ByAaron Hubbard, writer at Creators.co
Opinions, theories, and facts regarding movies, comics, and games.
Aaron Hubbard

Introduction

We all love movies on this website. We all have our favorite genres, our favorite actors, our favorite directors, etc. We also love movies for different reasons, beyond the simply fact that we're just looking for a good story. Some of us are more prone to go see film depending on who is starring in it, who's directing, or because the cinematography looks amazing.

For me, one of the biggest details I look for in movies nowadays - which doesn't determine if I'll see a film, it's more a bonus - is who is composing the film.

Music Composition for Cinema

Music is a big part of movies whether we realize it or not. Back during the ages of silent films, the only audio they got, was instrumentation. Paul McCartney of the Beatles also views music as an important part of one's movie-going experience.

In the music video for his single "Live And Let Die" for the 1973 James Bond film of the same name, Paul McCartney opens up the video with the following quote:

"You know, American movies have better popcorn than European movies - that's only an opinion. I go to the films to hear the soundtrack; the picture becomes a background. They've just filmed a background to some music I wrote. It's the new James Bond film, "Live And Let Die", and I must admit that the film helps the music work. So does the popcorn."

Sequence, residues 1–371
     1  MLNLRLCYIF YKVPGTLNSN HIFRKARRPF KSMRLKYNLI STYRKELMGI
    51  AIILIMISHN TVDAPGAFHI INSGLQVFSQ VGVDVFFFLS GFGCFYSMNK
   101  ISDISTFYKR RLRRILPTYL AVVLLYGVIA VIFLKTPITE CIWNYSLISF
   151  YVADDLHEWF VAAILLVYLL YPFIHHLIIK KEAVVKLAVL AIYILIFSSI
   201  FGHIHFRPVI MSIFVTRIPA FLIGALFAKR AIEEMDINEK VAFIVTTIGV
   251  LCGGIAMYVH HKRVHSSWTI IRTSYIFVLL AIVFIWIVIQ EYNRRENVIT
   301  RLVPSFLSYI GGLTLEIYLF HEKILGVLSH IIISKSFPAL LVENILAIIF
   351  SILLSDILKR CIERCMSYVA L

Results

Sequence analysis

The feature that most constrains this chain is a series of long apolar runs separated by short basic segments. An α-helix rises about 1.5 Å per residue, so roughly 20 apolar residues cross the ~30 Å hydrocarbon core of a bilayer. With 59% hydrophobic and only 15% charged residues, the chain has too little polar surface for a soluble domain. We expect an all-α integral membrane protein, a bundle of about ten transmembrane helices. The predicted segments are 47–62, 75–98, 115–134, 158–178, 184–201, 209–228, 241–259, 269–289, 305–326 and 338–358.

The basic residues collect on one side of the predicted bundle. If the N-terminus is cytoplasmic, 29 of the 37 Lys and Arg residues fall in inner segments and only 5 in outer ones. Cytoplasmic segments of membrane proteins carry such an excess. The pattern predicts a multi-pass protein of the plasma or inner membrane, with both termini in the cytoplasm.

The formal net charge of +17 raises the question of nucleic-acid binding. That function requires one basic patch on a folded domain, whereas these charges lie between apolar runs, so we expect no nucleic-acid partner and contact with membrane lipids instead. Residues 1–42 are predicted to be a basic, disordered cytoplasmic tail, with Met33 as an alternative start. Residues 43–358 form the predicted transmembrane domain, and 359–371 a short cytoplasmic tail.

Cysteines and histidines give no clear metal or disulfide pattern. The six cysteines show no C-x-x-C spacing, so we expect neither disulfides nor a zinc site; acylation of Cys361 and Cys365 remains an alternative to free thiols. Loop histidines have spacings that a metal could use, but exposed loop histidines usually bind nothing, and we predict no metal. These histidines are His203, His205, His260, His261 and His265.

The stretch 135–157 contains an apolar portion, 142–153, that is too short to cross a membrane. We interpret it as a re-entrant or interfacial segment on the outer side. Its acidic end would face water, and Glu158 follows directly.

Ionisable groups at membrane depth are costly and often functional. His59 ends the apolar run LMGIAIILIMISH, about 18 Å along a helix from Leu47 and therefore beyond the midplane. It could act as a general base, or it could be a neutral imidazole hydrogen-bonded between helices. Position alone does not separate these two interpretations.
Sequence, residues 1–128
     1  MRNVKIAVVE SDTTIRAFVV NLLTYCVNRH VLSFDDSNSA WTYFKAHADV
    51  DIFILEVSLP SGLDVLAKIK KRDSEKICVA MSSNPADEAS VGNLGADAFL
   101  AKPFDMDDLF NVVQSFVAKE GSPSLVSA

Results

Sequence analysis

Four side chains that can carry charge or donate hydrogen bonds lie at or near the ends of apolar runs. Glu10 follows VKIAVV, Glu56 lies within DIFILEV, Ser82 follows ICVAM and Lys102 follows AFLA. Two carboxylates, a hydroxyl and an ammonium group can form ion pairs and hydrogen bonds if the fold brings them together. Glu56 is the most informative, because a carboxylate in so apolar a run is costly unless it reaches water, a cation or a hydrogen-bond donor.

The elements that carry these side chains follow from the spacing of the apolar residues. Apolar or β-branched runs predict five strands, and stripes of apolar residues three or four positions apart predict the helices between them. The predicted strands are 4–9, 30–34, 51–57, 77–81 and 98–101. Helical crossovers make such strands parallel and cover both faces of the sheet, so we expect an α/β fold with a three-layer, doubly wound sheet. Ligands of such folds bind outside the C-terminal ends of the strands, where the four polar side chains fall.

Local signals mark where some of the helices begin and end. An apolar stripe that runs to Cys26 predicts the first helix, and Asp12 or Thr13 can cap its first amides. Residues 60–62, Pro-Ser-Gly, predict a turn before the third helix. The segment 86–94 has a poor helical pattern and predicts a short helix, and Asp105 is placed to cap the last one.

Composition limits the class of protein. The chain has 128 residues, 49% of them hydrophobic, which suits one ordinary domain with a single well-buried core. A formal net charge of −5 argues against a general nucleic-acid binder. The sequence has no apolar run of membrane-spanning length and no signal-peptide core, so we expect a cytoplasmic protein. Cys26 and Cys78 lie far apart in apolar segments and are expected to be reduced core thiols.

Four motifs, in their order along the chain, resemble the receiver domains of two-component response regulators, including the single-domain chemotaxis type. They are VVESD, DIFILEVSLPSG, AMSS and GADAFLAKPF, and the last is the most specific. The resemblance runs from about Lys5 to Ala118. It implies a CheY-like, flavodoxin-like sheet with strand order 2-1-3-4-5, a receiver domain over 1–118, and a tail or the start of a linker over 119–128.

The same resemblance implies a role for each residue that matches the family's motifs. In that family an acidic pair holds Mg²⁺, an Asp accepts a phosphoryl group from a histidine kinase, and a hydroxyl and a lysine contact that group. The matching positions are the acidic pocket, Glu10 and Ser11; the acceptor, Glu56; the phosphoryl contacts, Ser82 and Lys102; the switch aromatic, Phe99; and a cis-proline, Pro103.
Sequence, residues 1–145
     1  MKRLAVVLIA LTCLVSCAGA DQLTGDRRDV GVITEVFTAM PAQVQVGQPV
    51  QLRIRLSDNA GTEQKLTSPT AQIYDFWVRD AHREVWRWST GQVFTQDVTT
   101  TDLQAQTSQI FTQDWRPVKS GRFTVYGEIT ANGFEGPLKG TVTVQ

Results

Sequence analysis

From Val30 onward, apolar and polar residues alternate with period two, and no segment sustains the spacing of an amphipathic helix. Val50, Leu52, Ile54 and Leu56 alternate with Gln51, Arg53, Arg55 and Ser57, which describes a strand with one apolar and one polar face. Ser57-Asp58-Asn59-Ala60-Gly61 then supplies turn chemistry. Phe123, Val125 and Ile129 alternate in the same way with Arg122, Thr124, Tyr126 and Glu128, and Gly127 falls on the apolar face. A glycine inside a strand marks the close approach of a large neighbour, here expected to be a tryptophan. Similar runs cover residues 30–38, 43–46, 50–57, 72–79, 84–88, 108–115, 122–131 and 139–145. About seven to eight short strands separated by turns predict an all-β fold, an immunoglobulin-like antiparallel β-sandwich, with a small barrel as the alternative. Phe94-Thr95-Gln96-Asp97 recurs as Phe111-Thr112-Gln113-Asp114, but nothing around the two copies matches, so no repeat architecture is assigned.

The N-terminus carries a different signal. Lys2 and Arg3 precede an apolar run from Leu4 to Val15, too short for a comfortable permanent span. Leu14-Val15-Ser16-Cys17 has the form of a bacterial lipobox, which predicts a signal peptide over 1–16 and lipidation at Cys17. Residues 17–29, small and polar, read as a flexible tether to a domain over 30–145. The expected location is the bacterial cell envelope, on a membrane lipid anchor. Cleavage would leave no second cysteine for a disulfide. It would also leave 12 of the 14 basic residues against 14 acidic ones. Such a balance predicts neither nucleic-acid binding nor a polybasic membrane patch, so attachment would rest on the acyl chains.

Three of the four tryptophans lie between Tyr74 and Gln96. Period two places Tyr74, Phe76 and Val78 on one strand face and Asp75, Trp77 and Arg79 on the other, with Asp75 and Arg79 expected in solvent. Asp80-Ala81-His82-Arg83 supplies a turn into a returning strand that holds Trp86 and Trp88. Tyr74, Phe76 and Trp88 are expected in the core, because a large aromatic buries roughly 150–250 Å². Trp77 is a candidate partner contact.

I remember hearing this quote many years ago and I almost couldn't agree more (the movie itself is still more important than the music. Sorry, Paul). I really got where he was coming from.

Music is important to movies and sometimes even becomes an identifier for films. Have you ever heard a musical composition and immediately identified the soundtrack to which it belongs to? Think about it:

  • Star Wars
  • Jaws
  • Indiana Jones
  • Batman
  • Jurassic Park

The list could go on and on. Even directors as prestigious as Christopher Nolan recognize just how important it is to deliver the right kind of music in a movie. When working on his 2014 sci-fi hit, Interstellar, he sought out composer Hans Zimmer - who he had worked with previously on The Dark Knight Trilogy and Inception - before anything else. He wrote the movie alongside of Hans Zimmer writing out the music for it. Here's what Nolan had to say about the music:

"Adding music to a film doesn't work for me - it's the reason I can't temp a movie (edit using some other movie's music to be replaced later). To me the music has to be a fundamental ingredient, not a condiment to be sprinkled on the finished meal."